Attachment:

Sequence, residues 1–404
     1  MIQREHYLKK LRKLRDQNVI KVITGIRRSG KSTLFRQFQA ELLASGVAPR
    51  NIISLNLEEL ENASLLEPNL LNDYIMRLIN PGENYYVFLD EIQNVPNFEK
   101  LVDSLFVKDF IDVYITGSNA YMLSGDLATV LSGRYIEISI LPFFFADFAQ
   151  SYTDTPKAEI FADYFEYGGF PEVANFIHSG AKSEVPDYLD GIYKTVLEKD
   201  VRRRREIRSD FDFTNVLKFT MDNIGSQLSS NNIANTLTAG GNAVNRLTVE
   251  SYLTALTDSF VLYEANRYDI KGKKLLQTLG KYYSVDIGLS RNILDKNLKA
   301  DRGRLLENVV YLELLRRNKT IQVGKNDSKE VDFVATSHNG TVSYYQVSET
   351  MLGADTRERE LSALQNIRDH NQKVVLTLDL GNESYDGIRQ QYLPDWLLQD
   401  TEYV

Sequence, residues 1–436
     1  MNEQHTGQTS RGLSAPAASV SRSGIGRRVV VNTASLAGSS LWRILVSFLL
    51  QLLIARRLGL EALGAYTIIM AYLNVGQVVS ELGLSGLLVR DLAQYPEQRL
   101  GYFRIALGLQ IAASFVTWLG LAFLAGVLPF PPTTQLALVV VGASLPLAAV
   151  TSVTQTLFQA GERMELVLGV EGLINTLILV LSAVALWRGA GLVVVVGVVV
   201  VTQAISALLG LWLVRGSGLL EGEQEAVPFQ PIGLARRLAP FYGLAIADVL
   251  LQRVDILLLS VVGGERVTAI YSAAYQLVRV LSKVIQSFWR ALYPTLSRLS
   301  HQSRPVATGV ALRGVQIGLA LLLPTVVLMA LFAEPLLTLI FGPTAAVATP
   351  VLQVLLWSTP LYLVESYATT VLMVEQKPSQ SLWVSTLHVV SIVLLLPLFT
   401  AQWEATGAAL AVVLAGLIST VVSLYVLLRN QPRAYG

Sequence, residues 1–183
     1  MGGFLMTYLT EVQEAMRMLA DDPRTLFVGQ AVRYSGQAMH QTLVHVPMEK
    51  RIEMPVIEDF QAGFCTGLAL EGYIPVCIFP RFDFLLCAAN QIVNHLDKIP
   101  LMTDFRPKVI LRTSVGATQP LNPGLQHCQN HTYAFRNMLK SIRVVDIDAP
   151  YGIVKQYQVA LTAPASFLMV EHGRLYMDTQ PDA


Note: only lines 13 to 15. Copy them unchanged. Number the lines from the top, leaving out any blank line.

    51  QLLIARRLGL EALGAYTIIM AYLNVGQVVS ELGLSGLLVR DLAQYPEQRL
   101  GYFRIALGLQ IAASFVTWLG LAFLAGVLPF PPTTQLALVV VGASLPLAAV
   151  TSVTQTLFQA GERMELVLGV EGLINTLILV LSAVALWRGA GLVVVVGVVV